Chris Owens sits beside an outdoor woodstove at the back of his farm stand.  At his feet, his cat, Sid Vicious and on his lap - a box full of ballots, freshly collected from…his outhouse.

  We caught up with Sen. Kelly Ayotte on her way into NHPR's studios to ask her to give her best elevator pitch for why voters should consider sending her back to the Senate.

One question on many people's minds is whether polling places will be disrupted on Election Day. There are concerns that vigilantes, armed with cameras and notebooks, will intimidate voters they suspect of committing fraud. Such groups insist they'll follow the law, but civil rights groups are on alert just in case.

Allegra Boverman for NHPR

The Exchange continues its "Conversations with the Candidates" series with U.S. Senator Kelly Ayotte, the Republican incumbent and former New Hampshire Attorney General. We talk with Ayotte about immigration, climate change, and other issues of importance in this campaign, as well as the breaking news of the FBI's new probe of Hillary Clinton's emails.


Paige Sutherland/NHPR

Top Democrats in the state gathered in Manchester this weekend to get fired up for the election’s  homestretch.

At Saturday's inaugural Kennedy-Clinton Dinner, speakers included candidates for major office, with special guest Chelsea Clinton.

  Last week, you heard Rep. Frank Guinta offer his best elevator pitch on why voters should send him back to Congress. This week, we caught up with his Democratic challenger, former Congresswoman Carol Shea-Porter, to get her pitch for why voters should send her back to Congress – again.

Earlier this year, it seemed a commuter rail line could really happen for Southern New Hampshire.  

Polling had shown 74 percent of residents support it, and lawmakers were voting on whether to use $4 million in federal dollars to connect Boston’s commuter rail to Nashua and Manchester.

Emily Corwin / NHPR

In a campaign stop in Rochester New Hampshire on Sunday, Republican vice presidential candidate Mike Pence praised the FBI's decision to review emails that may be related to Hillary Clinton’s use of a private email server. 

Allegra Boverman, NHPR

With just a little over a week until the election, what questions do you still have for Sen. Kelly Ayotte? Let us know, and you could get an answer during our candidate forum with her on Monday.

Jason Moon for NHPR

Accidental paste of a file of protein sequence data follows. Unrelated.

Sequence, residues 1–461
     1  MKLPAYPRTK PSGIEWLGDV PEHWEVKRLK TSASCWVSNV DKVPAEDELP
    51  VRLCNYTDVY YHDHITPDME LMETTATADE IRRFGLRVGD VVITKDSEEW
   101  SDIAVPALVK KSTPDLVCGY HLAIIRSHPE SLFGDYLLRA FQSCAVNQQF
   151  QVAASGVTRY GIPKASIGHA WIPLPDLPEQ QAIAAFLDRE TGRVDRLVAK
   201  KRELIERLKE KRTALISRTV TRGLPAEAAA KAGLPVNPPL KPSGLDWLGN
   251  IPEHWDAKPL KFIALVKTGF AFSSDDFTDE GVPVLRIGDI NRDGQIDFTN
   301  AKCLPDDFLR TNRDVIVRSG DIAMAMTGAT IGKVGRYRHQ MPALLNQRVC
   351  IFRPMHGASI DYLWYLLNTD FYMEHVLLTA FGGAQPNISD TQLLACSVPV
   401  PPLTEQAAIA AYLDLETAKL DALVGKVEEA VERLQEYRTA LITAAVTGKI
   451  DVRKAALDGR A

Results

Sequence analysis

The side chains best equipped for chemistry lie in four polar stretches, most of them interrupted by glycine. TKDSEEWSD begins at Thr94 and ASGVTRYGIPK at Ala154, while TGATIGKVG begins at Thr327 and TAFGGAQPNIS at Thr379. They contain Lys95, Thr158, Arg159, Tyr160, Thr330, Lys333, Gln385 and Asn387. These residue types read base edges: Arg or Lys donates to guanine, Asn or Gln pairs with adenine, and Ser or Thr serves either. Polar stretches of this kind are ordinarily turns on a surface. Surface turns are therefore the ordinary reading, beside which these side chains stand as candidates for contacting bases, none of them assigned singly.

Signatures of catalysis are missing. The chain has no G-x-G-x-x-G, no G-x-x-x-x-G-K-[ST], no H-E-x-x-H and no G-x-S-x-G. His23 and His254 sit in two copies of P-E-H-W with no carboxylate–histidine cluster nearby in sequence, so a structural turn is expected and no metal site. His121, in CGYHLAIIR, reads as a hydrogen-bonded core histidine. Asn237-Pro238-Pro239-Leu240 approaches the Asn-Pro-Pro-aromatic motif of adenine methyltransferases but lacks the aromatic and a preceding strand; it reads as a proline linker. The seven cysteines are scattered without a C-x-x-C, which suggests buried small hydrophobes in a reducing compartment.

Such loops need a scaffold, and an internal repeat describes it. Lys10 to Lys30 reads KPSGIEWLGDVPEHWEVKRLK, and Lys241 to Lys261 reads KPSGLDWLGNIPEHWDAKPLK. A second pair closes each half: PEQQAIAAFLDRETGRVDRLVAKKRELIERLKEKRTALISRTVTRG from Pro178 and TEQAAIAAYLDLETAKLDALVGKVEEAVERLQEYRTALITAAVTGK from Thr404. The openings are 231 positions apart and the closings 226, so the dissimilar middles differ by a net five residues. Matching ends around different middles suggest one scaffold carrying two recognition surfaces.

Donald Trump’s rally at the Radisson in Manchester was scheduled to begin at noon. But the fact that he was running more than hour and a half late may have actually worked in his campaign’s favor.

“I need to open with a very critical breaking news announcement…”

For the fourth straight election, voters in New Hampshire’s 1st Congressional District will see the same two names on their ballots: Frank Guinta and Carol Shea-Porter.

The political rivals have traded the seat every two years since 2010, a testament to how evenly split the district is between Republicans and Democrats. But some voters are getting tired of the endless sequels.


As his son Chris is running for governor, John H. Sununu, isn’t just playing the role of supportive father. He’s also one of his son’s most powerful campaign cheerleaders.

At a recent rally for vice presidential candidate Mike Pence in Exeter, Sununu encouraged the crowd to make sure they vote a Republican ticket — including the one running for governor who has, in his words, “a name I like to talk about.”

Allegra Boverman; NHPR

Ahead of our recent forum with Carol Shea-Porter, who’s running to retake her former seat in New Hampshire’s 1st Congressional District, we asked what you’d most like to hear her talk about.

Among the presidential candidates, environmental issues haven’t gotten much play this campaign season.

Here in New Hampshire, that’s not quite the case, especially in the gubernatorial race where issues like Northern Pass, solar and wind energy and high energy costs have helped shape the campaign.

Down in the polls, low on cash and deeply unpopular, Rep. Frank Guinta could use all the help he can get defending his 1st District Congressional seat.

But, adding insult to injury, the incumbent has been all but abandoned by the Republican party’s major lifeline for House candidates. 

You might've caught our hour-long interview with Congressman Frank Guinta, the Republican incumbent running to hold onto his seat in New Hampshire's 1st Congressional District.

Before Guinta joined The Exchange in NHPR's studios, we caught up with him on the way up to our sixth-floor newsroom to get his pitch for why — in his view — voters should get behind his campaign.

Peter Biello

In addition to two familiar foes on the ballot in New Hampshire’s 1st Congressional District, there’s a new choice for voters this year.

Shawn O’Connor is a former Democrat who is now running as an independent.

He’s up against incumbent Republican Frank Guinta and Democrat Carol Shea-Porter, who are running against each other for the fourth consecutive time.

O’Connor joined NHPR’s Morning Edition to talk about some of the issues in the race.